Nearly six million pregnancies are reported in the United States every year. A number of characteristics of the pregnant population appear to be changing over time. For example, women are becoming pregnant later in their reproductive lives. In addition, with advances in medicine and assisted reproductive technology, women with chronic medical conditions are now able to become pregnant. Consequently, pregnant women are now older and have more comorbid conditions than in past generations. Given the physiologic changes that occur during gestation, pregnancy can be an important stressor to chronic medical conditions. Notably, the health of the pregnancy may be a window into the mother’s long-term health.
Labor and delivery constitute a major hemodynamic and respiratory challenge; hence, women with both acute and chronic conditions need to be managed by a multidisciplinary healthcare team, which may include a pulmonologist. This multidisciplinary team should address medical and obstetrical concerns, along with risks and benefits of anesthesia and analgesia, thereby ensuring appropriate management and anticipation of potential complications.
This chapter addresses core pulmonary and cardiovascular physiologic concepts before consideration of important, common clinical entities related to diagnosis and management in pregnancy.
The Physiology of Pregnancy
While the normal physiologic changes of pregnancy are extensive, several areas are of central importance and are considered below. These include changes in respiratory and cardiovascular physiology, normal physiologic developments during labor and delivery, and determinants of fetal oxygenation and ventilation.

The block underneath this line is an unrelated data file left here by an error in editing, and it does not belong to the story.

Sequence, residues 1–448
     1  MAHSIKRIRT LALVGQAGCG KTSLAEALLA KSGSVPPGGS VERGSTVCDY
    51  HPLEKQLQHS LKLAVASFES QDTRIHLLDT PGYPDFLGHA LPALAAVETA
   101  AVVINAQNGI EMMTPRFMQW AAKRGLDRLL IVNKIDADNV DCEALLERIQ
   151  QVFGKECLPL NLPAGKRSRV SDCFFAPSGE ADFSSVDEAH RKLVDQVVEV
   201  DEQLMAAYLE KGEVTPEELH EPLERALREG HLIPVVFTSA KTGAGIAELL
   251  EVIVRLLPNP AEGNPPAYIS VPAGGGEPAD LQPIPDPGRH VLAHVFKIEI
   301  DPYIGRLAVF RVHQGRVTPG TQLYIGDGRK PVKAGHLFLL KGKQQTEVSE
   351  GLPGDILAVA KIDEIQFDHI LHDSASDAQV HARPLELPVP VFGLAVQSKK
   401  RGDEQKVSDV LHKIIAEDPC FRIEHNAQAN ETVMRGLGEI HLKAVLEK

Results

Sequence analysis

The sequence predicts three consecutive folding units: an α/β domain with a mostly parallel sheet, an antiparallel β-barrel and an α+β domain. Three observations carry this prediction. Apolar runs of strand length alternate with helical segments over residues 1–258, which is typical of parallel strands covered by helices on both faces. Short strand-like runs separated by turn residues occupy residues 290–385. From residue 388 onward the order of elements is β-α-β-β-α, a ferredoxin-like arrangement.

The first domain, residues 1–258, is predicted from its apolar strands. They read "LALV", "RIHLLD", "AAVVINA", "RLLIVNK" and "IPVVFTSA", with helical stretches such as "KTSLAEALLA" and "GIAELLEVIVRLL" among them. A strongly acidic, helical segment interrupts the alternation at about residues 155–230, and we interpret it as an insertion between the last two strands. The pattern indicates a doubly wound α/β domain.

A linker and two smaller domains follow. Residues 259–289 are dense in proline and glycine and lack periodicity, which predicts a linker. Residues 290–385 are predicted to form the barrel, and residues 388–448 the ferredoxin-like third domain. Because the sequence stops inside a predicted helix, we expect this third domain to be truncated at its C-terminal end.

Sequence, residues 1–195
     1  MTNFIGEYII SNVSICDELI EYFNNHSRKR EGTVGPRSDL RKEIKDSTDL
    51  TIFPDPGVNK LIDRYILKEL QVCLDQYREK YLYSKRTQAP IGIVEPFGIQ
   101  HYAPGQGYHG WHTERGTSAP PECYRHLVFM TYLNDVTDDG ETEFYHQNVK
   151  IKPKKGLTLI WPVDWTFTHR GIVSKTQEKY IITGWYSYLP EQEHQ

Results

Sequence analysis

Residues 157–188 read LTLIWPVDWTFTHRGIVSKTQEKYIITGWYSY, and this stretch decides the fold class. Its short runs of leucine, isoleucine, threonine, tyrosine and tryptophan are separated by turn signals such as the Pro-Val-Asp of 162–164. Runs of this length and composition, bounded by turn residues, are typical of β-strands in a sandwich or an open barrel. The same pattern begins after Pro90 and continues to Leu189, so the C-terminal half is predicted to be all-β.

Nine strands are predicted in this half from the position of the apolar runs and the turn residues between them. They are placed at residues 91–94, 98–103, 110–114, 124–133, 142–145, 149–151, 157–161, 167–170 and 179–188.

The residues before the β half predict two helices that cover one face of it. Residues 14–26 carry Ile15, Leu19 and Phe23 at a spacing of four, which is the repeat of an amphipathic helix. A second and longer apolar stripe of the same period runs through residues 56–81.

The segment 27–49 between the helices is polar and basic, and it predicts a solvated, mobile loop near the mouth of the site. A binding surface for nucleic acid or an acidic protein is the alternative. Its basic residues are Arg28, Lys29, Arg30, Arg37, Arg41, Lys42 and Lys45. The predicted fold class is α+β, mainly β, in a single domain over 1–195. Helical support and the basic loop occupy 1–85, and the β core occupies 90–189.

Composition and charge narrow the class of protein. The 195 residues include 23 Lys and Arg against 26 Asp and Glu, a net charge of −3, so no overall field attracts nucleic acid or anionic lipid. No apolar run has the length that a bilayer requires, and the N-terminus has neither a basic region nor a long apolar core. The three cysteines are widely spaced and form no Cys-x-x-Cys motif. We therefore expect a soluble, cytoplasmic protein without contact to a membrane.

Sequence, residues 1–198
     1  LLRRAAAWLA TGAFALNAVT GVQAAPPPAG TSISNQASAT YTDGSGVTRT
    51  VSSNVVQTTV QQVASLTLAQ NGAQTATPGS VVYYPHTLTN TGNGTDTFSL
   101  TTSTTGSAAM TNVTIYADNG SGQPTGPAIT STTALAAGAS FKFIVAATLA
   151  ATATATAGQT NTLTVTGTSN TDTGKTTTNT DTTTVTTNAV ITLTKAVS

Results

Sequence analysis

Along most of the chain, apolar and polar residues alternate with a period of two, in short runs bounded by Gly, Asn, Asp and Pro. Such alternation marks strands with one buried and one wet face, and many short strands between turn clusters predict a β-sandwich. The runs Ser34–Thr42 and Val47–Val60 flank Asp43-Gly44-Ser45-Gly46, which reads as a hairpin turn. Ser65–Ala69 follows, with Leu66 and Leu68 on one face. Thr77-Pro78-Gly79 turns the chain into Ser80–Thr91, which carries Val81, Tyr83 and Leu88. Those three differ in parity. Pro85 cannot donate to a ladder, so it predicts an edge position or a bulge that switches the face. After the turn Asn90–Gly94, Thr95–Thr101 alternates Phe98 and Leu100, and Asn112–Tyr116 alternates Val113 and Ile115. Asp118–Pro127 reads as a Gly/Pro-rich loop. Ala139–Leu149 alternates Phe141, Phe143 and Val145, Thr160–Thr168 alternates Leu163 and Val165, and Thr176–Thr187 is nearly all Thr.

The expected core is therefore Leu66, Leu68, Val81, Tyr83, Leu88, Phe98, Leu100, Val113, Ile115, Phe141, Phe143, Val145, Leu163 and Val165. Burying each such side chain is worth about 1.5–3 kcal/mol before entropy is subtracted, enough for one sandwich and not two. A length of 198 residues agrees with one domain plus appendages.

During pregnancy, the respiratory system undergoes changes which range anatomically from the nasopharynx to the lungs.
The effects of increasing levels of estrogen on the nasal mucosa include edema, hyperemia, and glandular hypersecretion. The result is gestational rhinitis, which typically occurs in the last few weeks of pregnancy.
The subcostal angle of the rib cage and the circumference of the chest wall increase due to the effects of relaxin.1 The diaphragm moves cranially about 4 to 5 cm.2 These changes occur to accommodate the growing uterus. Diaphragm excursion does not decrease in pregnancy, despite the changes in chest wall configuration. However, due to the higher resting position of the diaphragm, the decreased downward pull of the abdomen, and the aforementioned chest wall changes, functional residual capacity (FRC) decreases by 20% to 30% by late gestation3 and declines further in the supine position (Table 97-1).4 The reduction in FRC may be somewhat attenuated when measured using body plethysmography,5 likely due to the effect of early airway closure during tidal breathing and air trapping.6 Inspiratory capacity increases and, therefore total lung capacity (TLC) is not significantly changed (Fig. 97-1).7
Changes in lung volumes in pregnancy. (Reproduced with permission from Hegewald MJ, Crapo RO. Respiratory physiology in pregnancy. Clin Chest Med. 2011;32(1):1–13.)